Greville is a historical character, his diary one of the most important sources for the history of the royal malady. However, Greville was not in attendance throughout as he is in the play. A fair-minded though conventional man, and clear-sighted where the King’s illness was concerned (and often appalled at its treatment), Greville along with the King’s other attendants was excluded when Dr Willis, ‘the mad doctor’, took on the case. Willis brought with him some of his own staff, presumably from his asylum at Greatham in Lincolnshire, and took on other heavies in London. In the play they only appear once, when the restraining chair is brought in at the end of the first act, but in fact they remained at windsor and Kew in constant attendance on the King until willis eventually went back north. This was not, as in the play, immediately before the thanksgiving service in June 1789, but some months later.

The number of physicians attending the King varied. They were known as the ‘London doctors’ to distinguish them from Dr Willis and his son. I have restricted them to three but there may have been as many as ten. Nor have I included Willis’s son, who was also a doctor and in charge of the King during his next attack in 1802.

With Pitt I had first to rid myself of the picture I retained of him from childhood when I saw Korda’s wartime propaganda film The Young Mr Pitt. Robert Donat was Pitt, kitted out with a kindly housekeeper, adoring chums and maybe even a girlfriend. What there was no sign of was the bottle. At one point in the play he talks of when he was a boy, though boy he never really was, brought up by his father to be prime minister, destined always for ‘the first employments’. The son, the nephew and the first cousin of prime ministers, the only commoner in a cabinet of peers, perhaps he was arrogant but no wonder. Long, lank and awkward, he made a wonderful caricature, and if he was the first prime minister in the sense we understand it today it was because, as Pares says, the cartoonists made him so.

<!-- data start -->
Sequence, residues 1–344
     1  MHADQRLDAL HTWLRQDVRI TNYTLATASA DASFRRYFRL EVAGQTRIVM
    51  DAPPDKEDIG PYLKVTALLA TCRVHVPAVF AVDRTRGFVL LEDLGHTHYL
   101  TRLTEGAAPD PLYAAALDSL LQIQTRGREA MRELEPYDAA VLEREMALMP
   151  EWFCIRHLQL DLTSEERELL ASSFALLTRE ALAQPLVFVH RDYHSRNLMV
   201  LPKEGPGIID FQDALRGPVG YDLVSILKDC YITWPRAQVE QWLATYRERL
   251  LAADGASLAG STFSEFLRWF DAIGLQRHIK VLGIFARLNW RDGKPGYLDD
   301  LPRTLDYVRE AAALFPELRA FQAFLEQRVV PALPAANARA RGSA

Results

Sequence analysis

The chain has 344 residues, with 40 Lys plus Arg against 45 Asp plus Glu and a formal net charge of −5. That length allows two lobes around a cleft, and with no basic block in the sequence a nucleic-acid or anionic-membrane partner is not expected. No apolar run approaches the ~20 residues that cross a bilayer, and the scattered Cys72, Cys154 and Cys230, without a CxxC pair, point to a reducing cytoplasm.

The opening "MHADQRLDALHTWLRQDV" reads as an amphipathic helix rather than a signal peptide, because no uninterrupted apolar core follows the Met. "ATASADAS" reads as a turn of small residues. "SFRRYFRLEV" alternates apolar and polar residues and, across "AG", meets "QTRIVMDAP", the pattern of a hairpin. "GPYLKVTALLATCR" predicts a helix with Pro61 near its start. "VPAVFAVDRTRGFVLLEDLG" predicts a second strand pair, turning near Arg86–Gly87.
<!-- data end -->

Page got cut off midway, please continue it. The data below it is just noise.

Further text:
Pitt’s career ran in tandem with that of Fox, though Fox was the older man. Meeting the boy Pitt, he seems to have had a premonition that here was his destiny. They are such inveterate and complementary opposites, Pitt cold, distant and calculating, Fox warm, convivial and impulsive, that they are almost archetypes, save or squander, hoard or spend, Gladstone and Disraeli, Robespierre and Danton, Eliot and Pound. Pitt had his disciples, but Fox, for all his inconsistencies and political folly, was genuinely loved, even by his opponents (though never by the King). His oratory was spellbinding, as Pitt ruefully acknowledged (‘Ah,’ he said to one of Fox’s critics, ‘but you have never been under the wand of the magician’). Burke, whom posterity remembers as a great orator, was in his day considered a bore, his speeches often ludicrously over the top, and known as ‘the dinner bell’ because when he rose to speak he regularly emptied the House.